It was felt that this structure insured a commonality of marketing and homogeneity of messages that in total would yield the best overall results in terms of sales.
While the question one is tempted to ask is how does all this relate to PSYOP? The real question is how are US government efforts all managed in concert to insure that the messages reaching audiences around the world are similarly cohesive, reinforcing and successful.
Given that the Department of State is the lead for Foreign Relations it would appear that their key element is the country team headed by the Ambassador. He or she is the President’s representative and by extension the representative of the US government. The President as the country CEO entrusts his Public Diplomacy ‘marketing’ efforts to the DoS in this context.
DoD in general and PSYOP in particular is organized differently. There are global and regional Combatant Commanders, Theater Commanders, Corps Commanders, Division Commanders, BCT Commanders, etc. PSYOP missions are executed by units that cumulatively report up through different pipes (USSOCOM, USASOC and the USARC) and none of these is particularly ‘country’ oriented. Furthermore, the future PSYOP force is constructed with a view to support the overall force, not necessarily with the perspective of optimizing effects in a particular country.
Now that I’ve offered up a picture of the problem, let me posit an approach to a solution. During my tenure in Bosnia I found that it was incredibly helpful to have a good relationship with key members of the Embassy. While I was the DCO of an American unit that was part of a NATO force, it was vital to have the window into the civilian world. However, we were not necessarily able to spider web the knowledge we gained through to the subordinate Multi-National Districts (MND), nor could we counsel key subordinate Commanders on their AOs and the key influencers (individuals and media).
It would appear that the country Military Information Support Team (MIST) needs to play the key role of buffer and shock absorber between the country orientation of the Embassy Team and the AO disposition of the military. As such they would need official linkages at the highest levels of the appropriate military command and solid communication with national level PSYOP resources and organizations. This also presupposes that MIST individuals have superb interpersonal skills that would enable them to effectively move in civilian, diplomatic and military circles.
Comments from the Community are invited.
I am of the opinion that this is not a good idea, especially at this time. Rather I see the article as another episode in the continuing professional soap opera of career planning. The issue to be debated now is not branch specialties, but how to make Commanders more effective through better use of information oriented weapons systems.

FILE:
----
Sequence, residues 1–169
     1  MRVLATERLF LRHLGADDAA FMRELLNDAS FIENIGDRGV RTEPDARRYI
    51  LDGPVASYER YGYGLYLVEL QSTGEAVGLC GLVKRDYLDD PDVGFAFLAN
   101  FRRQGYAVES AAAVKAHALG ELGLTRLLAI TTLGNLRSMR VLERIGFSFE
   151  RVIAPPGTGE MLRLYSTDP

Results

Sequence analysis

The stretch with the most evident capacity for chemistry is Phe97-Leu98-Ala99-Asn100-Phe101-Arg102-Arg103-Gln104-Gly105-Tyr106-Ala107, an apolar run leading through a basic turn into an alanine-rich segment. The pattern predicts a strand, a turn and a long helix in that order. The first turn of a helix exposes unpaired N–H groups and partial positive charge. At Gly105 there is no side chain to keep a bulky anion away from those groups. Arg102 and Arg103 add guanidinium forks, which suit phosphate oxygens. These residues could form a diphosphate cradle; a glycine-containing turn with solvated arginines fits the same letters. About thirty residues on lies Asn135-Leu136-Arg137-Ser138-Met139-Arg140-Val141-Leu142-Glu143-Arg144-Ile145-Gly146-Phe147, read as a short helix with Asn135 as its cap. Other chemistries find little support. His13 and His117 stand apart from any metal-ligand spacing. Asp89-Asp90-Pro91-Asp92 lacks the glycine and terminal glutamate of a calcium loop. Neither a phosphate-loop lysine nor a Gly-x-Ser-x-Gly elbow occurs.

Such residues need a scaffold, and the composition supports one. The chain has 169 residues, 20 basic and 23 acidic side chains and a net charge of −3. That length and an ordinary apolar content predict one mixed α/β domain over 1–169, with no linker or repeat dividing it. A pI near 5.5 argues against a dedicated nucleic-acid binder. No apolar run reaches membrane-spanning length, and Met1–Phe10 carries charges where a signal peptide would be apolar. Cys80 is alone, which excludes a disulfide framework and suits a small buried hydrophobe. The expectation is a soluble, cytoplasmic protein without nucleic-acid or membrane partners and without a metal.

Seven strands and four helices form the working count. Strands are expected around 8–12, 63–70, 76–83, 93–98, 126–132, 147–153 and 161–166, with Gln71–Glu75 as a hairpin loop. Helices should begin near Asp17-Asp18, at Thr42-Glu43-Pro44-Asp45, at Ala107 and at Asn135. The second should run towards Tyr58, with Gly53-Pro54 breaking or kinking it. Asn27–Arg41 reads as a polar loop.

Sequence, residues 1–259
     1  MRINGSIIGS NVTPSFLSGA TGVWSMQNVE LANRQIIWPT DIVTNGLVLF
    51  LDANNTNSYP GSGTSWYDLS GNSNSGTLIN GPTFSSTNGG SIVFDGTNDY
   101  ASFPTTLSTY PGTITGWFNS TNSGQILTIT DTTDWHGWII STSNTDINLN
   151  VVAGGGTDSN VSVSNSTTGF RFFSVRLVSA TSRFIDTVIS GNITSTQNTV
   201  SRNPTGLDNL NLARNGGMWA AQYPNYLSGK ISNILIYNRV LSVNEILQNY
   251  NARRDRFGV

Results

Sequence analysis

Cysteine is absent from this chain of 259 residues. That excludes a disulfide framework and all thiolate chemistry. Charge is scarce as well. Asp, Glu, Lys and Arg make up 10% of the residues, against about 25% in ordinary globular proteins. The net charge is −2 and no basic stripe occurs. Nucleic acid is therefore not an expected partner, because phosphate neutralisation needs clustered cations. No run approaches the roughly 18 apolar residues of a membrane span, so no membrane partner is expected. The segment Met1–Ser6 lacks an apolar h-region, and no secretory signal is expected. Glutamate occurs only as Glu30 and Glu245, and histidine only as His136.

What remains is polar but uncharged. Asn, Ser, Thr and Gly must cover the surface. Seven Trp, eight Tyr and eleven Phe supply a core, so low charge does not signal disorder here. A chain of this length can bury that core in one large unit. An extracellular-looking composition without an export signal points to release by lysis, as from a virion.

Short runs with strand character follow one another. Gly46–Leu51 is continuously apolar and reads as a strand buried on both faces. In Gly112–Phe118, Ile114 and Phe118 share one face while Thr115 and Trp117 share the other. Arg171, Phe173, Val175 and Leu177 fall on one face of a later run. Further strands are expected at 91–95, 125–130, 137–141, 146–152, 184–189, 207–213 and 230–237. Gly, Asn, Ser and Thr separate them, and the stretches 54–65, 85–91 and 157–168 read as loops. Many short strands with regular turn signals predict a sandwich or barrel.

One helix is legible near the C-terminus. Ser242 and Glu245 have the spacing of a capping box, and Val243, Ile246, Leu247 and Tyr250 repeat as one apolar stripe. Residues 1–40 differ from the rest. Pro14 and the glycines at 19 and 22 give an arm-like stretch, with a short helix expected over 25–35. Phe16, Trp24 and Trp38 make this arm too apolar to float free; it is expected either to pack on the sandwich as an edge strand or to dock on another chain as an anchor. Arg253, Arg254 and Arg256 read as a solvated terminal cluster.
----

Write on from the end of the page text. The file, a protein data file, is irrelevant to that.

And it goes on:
Commanders today are facing greater challenges from ineffective use of information as a tool to achieve their goals. These challenges include the fact that Commanders at all echelons including General Officers and Flag Officers (GOFO) are for the most part unaware of what information tools they have at their disposal or could harness to achieve their particular goals.
Another is that each of the elements of IO and PAO require different training and talents. Furthermore each of these specialties has its own strengths and weaknesses. Commanders need a single staff officer who can orchestrate all of the elements on behalf of the CDR just as the “2” orchestrates all of the facets of intelligence and the “3” plans operations employing a variety of weapons systems. This orchestration of all aspects of information in the Area of Operations is the crux of the information issue – not branching.
A good analogy might be the symphony orchestra. Each instrument must be played by a consummate specialist, yet it is the conductor who blends each of the individuals to create beautiful music. Blending the various elements of information in concert with each other to achieve the CDR’s goals is very much the same thing. The elements of IO (PSYOP, EW, MILDEC, CNO, and OPSEC), PAO and PSYACTs (Economic, CA, Engineering, etc.) must be executed by specialists and orchestrated for maximum effect.
Given the high optempo and the stress on the Force, I don’t believe a homogenous branch is needed. Rather staff officers for each function need to be present at the BCT and above. BCT specialists in each discipline should be Majors. Their efforts would be managed by the BCT Operations Officer. The Operations Officer likely a MAJ or LTC would either have had BN Command or is likely to get it. Consequently experience at the BCT staff would be exceptionally helpful.